The Tom Brady case returns to federal court soon while the NFL and NFLPA negotiate potential changes to their system of player discipline. (Michael Nagle/Bloomberg)

The NFL and the NFL Players Association are making progress toward an agreement on revisions to the player-disciplinary system that likely would change Commissioner Roger Goodell’s role in the appeals process, according to people familiar with the deliberations.

An accord appears within reach as the negotiations continue. But the timetable for completing a deal is unclear and if those close to the process know at this point what Goodell’s modified role will be, they’re not saying.

According to one person with knowledge of the proceedings, “slow progress” is being made in the talks. That person expressed doubt that a deal will be struck soon but added that the two sides probably “will get there eventually.”

Others connected to the process expressed similar sentiments, saying the negotiations are ongoing and moving toward a compromise but it’s not clear when a resolution might be reached.

The NFLPA is seeking neutral arbitration for appeals by players of discipline imposed by the league under the sport’s personal conduct policy and integrity-of-the-game rules. Currently such appeals are heard and resolved by Goodell or a person appointed by him.

The union has made successful courtroom challenges of discipline imposed by the league on Adrian Peterson under the personal conduct policy and Tom Brady under the integrity-of-the-game rules. The NFLPA also points to running back Ray Rice’s suspension being overturned on appeal when Goodell appointed a former federal judge, Barbara S. Jones, to resolve that case.

Goodell has said he is willing to consider changes to the system of player discipline but is not willing to surrender his authority to resolve appeals to a third-party arbitrator.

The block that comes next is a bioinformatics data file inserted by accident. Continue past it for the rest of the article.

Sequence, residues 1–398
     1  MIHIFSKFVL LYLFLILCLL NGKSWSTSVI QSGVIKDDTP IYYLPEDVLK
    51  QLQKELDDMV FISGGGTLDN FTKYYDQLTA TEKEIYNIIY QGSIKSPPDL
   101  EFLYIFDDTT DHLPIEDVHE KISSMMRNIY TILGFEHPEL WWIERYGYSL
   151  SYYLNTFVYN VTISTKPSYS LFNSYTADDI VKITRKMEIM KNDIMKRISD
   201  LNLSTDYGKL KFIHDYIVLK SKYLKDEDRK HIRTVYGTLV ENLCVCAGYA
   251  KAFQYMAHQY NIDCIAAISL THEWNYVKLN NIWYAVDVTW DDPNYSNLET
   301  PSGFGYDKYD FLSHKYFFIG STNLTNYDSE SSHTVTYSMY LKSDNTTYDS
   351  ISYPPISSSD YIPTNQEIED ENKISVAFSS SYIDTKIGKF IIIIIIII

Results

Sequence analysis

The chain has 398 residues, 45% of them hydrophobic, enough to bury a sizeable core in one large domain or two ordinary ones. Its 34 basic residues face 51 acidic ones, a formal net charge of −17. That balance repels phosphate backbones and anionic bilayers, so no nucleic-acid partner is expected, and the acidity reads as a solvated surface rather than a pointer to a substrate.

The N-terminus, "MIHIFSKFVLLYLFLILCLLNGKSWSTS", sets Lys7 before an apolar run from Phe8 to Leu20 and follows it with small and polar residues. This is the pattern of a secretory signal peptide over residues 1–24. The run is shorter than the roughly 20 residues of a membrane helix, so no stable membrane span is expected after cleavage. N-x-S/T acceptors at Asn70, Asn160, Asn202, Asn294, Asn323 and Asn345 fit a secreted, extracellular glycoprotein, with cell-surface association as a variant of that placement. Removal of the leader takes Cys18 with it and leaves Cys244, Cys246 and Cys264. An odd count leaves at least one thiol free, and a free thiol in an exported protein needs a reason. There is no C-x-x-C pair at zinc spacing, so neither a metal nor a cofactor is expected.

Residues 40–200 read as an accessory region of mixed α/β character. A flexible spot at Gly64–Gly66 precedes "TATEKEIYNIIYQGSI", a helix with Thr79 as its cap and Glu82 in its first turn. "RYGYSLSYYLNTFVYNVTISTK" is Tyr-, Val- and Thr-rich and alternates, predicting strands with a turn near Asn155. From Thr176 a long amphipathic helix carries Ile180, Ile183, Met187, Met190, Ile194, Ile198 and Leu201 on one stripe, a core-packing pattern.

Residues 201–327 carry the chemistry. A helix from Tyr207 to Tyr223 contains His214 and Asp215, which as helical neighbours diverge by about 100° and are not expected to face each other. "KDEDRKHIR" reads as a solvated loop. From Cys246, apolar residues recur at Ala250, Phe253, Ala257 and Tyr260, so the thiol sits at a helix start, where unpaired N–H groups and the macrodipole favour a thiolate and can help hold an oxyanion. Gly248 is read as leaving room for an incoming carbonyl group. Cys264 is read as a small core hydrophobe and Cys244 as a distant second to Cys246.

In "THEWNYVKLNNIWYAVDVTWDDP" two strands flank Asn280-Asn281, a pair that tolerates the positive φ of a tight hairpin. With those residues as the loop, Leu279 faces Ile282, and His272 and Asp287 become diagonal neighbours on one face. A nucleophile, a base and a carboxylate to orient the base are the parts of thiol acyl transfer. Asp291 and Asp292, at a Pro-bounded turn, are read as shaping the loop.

DeMaurice Smith, the executive director of the NFL Players Association, said in November that the league and union are having “the right conversations” toward a possible agreement on the issue. He said during Super Bowl week he was hopeful a deal would be struck.

“We have had a number of conversations and those conversations are ongoing,” Smith said three days before the Super Bowl. “I’m cautiously optimistic that we can reach a resolution on a number of those issues. And I think sort of the frame continues to be the same. We believe that a collectively bargained change to the system is good for everyone.”

Goodell said the following day at his annual state-of-the-league address: “We’ll continue the dialogue. If we can find changes, if we can improve that process, we will do that.”

Players already have third-party arbitration for appeals of discipline under the sport’s drug policies and for illegal on-field hits.

The issue is about to become prominent again with the league’s appeal of the federal judge’s ruling that overturned the NFL’s four-game suspension of Brady, the four-time Super Bowl-winning quarterback for the New England Patriots, in the DeflateGate controversy.

The U.S. Court of Appeals for the Second Circuit is scheduled to hear the NFL’s appeal March 3. Goodell declined to say at the Super Bowl whether the league would reinstate Brady’s suspension if it prevails in the federal appeals court.

Eric Winston, the Cincinnati Bengals offensive tackle who is the union’s president, said at the Super Bowl it remained to be seen what the middle ground might be on the NFLPA’s insistence on third-party appeals and Goodell’s resistance to that.

“We’ll see,” Winston said then. “I guess at the end of the day that’s where the compromise comes from. We’ll see what happens. Obviously it seems very straightforward. But when you get into the idea of when you start talking about the initial investigation, when you start talking about the initial punishment to the appeal, there’s a lot of layers of the onion to peel back there.

“And so as we know in collective bargaining, you’re not going to get everything you want. But I think both parties understand that there’s some issues to be fixed and hopefully we can get to a point where it’s official and we actually end the thing.”